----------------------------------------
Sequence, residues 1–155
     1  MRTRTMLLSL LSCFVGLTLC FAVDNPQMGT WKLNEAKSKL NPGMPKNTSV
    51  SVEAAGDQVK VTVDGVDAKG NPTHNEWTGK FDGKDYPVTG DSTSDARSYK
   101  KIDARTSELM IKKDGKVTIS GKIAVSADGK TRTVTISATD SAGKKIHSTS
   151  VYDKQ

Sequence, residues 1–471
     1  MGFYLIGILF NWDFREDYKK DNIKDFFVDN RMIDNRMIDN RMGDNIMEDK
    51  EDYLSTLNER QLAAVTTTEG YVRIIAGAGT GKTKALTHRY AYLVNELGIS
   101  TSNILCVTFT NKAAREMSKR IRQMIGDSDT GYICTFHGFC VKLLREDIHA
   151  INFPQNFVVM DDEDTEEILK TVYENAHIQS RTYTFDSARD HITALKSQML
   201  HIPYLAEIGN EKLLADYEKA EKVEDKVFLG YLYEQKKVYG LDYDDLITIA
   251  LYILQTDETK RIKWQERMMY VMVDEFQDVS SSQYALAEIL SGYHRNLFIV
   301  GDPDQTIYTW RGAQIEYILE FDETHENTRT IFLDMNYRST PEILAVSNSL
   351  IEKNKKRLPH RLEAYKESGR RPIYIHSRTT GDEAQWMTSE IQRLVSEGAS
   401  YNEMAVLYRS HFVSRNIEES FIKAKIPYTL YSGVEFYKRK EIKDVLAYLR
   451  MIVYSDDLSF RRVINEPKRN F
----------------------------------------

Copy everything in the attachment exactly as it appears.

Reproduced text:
Sequence, residues 1–155
     1  MRTRTMLLSL LSCFVGLTLC FAVDNPQMGT WKLNEAKSKL NPGMPKNTSV
    51  SVEAAGDQVK VTVDGVDAKG NPTHNEWTGK FDGKDYPVTG DSTSDARSYK
   101  KIDARTSELM IKKDGKVTIS GKIAVSADGK TRTVTISATD SAGKKIHSTS
   151  VYDKQ

Sequence, residues 1–471
     1  MGFYLIGILF NWDFREDYKK DNIKDFFVDN RMIDNRMIDN RMGDNIMEDK
    51  EDYLSTLNER QLAAVTTTEG YVRIIAGAGT GKTKALTHRY AYLVNELGIS
   101  TSNILCVTFT NKAAREMSKR IRQMIGDSDT GYICTFHGFC VKLLREDIHA
   151  INFPQNFVVM DDEDTEEILK TVYENAHIQS RTYTFDSARD HITALKSQML
   201  HIPYLAEIGN EKLLADYEKA EKVEDKVFLG YLYEQKKVYG LDYDDLITIA
   251  LYILQTDETK RIKWQERMMY VMVDEFQDVS SSQYALAEIL SGYHRNLFIV
   301  GDPDQTIYTW RGAQIEYILE FDETHENTRT IFLDMNYRST PEILAVSNSL
   351  IEKNKKRLPH RLEAYKESGR RPIYIHSRTT GDEAQWMTSE IQRLVSEGAS
   401  YNEMAVLYRS HFVSRNIEES FIKAKIPYTL YSGVEFYKRK EIKDVLAYLR
   451  MIVYSDDLSF RRVINEPKRN F